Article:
- Forty-four years ago today, the Blue Jays hired Welland, Ont., native Paul Beeston as their first employee. After graduating from Welland High & Vocational School, Beeston obtained a bachelor of arts degree, majoring in economics and political science, from the University of Western Ontario in 1968. He was hired by Coopers & Lybrand in London and received his chartered accountant designation in 1971. He remained with the London firm until he was hired by the Blue Jays as vice-president of administration. After a short tenure in that role, Beeston was promoted to vice-president of business operations with the club the following year. His rise through the Jays’ ranks continued when he was named executive vice-president of business in 1984 and president and chief operating officer (CEO) in 1989. On December 13, 1991, he was appointed the chief executive officer of the franchise, overseeing the Jays’ two World Series-winning teams. He later became the president and chief operating officer of Major League Baseball. He was elected to the Canadian Baseball Hall of Fame in 2002.
- Given his love for the No. 3, and the fact that he wore No. 33, Canadian slugger Larry Walker (Maple Ridge, B.C.) would be thrilled to read this article by Nick Groke, of The Athletic, that was published on Thursday. “Baseball-Reference provides a tool to neutralize batting stats to league and era averages for easy, even comparisons over time. By its measure, for hitters with at least 8,000 career plate appearances, Walker ranks as the 33rd best player in the game’s history,” writes Groke in this piece. You can read the full article here (Subscription required).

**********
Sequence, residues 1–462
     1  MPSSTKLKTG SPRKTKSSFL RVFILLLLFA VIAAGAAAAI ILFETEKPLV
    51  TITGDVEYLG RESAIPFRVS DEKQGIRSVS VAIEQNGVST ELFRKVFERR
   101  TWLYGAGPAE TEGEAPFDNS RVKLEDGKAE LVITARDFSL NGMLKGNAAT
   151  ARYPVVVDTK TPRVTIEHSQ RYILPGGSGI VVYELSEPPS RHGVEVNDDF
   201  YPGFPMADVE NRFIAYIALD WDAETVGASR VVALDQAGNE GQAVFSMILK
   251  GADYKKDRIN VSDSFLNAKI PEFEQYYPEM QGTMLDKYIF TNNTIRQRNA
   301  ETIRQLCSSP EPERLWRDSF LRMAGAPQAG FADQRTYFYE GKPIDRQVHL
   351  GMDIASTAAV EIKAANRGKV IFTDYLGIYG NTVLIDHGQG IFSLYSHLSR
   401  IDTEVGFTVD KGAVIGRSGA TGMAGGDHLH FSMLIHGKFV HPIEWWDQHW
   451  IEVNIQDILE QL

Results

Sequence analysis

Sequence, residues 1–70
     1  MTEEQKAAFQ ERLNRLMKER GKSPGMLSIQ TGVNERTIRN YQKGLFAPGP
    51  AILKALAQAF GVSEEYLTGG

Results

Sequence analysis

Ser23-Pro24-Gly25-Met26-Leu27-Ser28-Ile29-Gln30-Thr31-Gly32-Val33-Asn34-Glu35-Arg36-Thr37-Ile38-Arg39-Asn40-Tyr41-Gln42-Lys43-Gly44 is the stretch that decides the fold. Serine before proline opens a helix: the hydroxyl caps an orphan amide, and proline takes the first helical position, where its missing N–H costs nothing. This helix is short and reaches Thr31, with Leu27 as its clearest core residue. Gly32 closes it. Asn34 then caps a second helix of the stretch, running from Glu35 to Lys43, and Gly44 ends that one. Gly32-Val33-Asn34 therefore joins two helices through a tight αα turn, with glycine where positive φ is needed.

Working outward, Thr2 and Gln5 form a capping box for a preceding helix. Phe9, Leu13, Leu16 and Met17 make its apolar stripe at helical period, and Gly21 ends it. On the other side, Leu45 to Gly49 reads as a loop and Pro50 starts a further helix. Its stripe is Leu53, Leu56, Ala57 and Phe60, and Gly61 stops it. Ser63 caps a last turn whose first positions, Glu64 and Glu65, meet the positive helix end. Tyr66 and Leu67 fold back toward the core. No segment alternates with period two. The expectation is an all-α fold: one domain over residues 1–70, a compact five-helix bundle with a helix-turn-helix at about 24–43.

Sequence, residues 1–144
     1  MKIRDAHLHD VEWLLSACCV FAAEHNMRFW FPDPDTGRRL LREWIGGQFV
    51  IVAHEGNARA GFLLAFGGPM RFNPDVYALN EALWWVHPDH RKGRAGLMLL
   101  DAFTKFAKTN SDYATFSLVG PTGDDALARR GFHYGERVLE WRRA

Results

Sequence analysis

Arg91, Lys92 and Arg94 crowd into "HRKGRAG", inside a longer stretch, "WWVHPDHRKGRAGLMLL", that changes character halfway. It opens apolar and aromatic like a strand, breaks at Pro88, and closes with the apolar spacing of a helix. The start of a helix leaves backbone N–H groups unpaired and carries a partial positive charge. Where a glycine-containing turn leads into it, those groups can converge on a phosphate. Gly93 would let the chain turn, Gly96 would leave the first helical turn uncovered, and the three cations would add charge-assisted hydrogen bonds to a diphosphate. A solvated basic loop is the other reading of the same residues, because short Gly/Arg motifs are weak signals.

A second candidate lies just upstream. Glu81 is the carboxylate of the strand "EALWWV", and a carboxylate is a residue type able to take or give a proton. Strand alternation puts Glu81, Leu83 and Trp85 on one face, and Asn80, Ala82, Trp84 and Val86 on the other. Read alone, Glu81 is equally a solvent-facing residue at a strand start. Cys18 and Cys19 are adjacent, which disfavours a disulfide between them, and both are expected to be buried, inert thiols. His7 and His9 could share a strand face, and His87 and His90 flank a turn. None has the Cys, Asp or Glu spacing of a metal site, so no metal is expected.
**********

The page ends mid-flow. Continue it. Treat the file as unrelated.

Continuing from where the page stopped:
- According to reports on Thursday, Canadian Baseball Hall of Fame inductee and legendary Blue Jays infielder Roberto Alomar has sold his 18,000 square-foot home in Tampa Bay for $4 million. A Mansion Global article shares that the house is in the gated community of Avila and boasts eight bedrooms, 12 bathrooms, a wine cellar, a home theater, and an elevator. It also has indoor and outdoor pools, a sports court, and an eight-car garage.
You missed your chance to live like a Hall of Famer https://t.co/MvcgW8p1Yc
— Mansion Global (@MansionGlobal) May 9, 2020
- My deepest condolences to London Majors pitching coach Brent Wales on the passing of his father, Rob. My thoughts and prayers are with Brent, his wife Alicia and his mother Sue.
- This week’s trivia question: Two Expos pitchers threw five-inning no-hitters for the club (Poor weather cancelled the rest of their games). Can you name one of these pitchers? Please provide your answer in the “Comments” section below. Please note: I’m going to hold off awarding prizes until after the COVID-19 epidemic. Hope you understand.
- The answer to last week’s trivia question (Fergie Jenkins and Ryan Dempster had their best major league seasons with the Chicago Cubs. Name two other Canadian pitchers who have toed the rubber for the Cubs over the years.) was any two of Ken Crosby (New Denver, B.C.), John Upham (Windsor, Ont.), Rich Harden (Victoria, B.C.), Rob Zastryzny (Edmonton, Alta.) and Steve Wilson (Victoria, B.C.),